We tested the hypothesis that apneas during the sleep cycle exacerbate hypertension and accelerate changes that occur with cerebral small vessel disease. Obstructive sleep apnea was modeled by intermittent inflations of a chronically implanted tracheal balloon to occlude the airway during the sleep cycle (termed OSA) in spontaneously hypertensive stroke-prone (SHRSP) rats, a model of cerebral small vessel disease. SHRSP rats and their parent strain, Wistar Kyoto (WKY) rats, were exposed to OSA for 2 weeks (from 9 to 11 or from 18 to 20 weeks). At 9 weeks, hypertension was developing in the SHRSP rats and was firmly established by 18 weeks. OSA exposure increased systolic blood pressure in SHRSP rats by ≈30 mm Hg in both age groups compared with shams that were surgically prepared but not exposed to OSA (P<0.05). OSA exposure also increased systolic blood pressure in WKY rats by 20 and 37 mm Hg at 11 and 20 weeks, respectively (P<0.05). OSA exposure in SHRSP rats compromised blood-brain barrier integrity in white matter at both 11 and 20 weeks of age when compared with SHRSP sham rats (P<0.05). Microglia were activated in SHRSP rats exposed to OSA but not in sham rats at 11 weeks (P<0.05). At 20 weeks, microglia were activated in sham SHRSP rats (P<0.05) compared with WKY sham rats and were not further activated by OSA. Neither was blood-brain barrier integrity altered nor microglia activated in any of the WKY groups. We conclude that OSA accelerates the onset of the cerebral pathologies associated with cerebral small vessel disease in SHRSP, but not WKY, rats.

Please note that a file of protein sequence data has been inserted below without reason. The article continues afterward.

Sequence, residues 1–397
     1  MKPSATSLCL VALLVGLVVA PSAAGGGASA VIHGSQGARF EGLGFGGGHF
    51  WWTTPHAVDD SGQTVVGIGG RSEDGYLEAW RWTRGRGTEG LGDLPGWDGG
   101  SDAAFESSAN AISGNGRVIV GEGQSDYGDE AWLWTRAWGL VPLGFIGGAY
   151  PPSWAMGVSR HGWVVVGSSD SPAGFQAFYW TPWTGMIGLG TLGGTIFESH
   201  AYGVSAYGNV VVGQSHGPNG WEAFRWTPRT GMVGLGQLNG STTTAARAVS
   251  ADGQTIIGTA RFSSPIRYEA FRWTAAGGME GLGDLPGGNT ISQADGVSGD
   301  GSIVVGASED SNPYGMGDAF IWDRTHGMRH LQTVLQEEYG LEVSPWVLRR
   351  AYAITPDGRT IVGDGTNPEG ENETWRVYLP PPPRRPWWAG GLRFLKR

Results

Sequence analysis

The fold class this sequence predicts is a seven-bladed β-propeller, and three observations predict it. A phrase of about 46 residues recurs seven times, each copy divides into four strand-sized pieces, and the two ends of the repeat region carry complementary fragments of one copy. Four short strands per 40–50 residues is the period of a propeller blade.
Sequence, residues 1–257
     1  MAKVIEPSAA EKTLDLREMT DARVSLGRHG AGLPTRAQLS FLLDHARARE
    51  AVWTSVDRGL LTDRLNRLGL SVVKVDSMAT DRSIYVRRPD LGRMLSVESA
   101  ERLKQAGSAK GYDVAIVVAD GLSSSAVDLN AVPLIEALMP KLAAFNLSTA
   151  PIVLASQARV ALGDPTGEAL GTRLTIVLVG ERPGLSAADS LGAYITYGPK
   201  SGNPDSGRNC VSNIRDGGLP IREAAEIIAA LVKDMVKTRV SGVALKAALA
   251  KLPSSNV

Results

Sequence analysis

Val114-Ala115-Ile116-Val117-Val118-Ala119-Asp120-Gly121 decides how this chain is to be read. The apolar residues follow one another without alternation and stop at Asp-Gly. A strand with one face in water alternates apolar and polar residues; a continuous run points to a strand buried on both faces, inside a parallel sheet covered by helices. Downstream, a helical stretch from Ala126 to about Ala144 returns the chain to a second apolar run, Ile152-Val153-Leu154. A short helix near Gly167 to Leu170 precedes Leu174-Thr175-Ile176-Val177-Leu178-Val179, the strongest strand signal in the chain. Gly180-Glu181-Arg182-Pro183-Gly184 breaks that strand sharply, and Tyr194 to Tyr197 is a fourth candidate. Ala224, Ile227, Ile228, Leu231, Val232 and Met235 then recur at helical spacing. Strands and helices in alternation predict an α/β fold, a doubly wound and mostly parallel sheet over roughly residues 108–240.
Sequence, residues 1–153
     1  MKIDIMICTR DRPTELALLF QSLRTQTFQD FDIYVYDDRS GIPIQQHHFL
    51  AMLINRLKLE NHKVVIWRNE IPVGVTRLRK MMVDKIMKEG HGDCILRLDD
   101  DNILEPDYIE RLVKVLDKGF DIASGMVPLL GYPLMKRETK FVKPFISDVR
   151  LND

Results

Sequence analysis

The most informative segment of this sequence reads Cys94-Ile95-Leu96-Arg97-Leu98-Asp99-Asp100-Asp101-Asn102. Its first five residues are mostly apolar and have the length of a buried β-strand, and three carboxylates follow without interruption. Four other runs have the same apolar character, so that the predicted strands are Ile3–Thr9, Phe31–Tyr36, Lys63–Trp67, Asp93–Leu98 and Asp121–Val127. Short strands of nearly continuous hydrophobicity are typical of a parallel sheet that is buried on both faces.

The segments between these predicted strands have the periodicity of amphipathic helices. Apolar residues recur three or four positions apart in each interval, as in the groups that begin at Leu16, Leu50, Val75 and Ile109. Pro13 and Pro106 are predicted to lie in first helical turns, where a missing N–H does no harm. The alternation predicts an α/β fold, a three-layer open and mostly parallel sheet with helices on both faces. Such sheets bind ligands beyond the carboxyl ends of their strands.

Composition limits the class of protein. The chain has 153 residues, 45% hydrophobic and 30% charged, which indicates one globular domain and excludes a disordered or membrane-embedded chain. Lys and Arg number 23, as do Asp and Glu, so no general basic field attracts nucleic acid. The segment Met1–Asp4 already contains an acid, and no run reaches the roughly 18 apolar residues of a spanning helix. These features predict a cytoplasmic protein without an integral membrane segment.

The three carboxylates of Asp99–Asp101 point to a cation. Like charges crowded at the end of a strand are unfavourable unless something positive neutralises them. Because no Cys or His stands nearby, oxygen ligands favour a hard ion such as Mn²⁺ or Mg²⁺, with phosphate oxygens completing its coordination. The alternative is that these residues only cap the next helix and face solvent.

Keywords: blood–brain barrier; cerebral small vessel disease; obstructive sleep apnea; stroke-prone spontaneously hypertensive rats; vascular cognitive impairment.
© 2015 American Heart Association, Inc.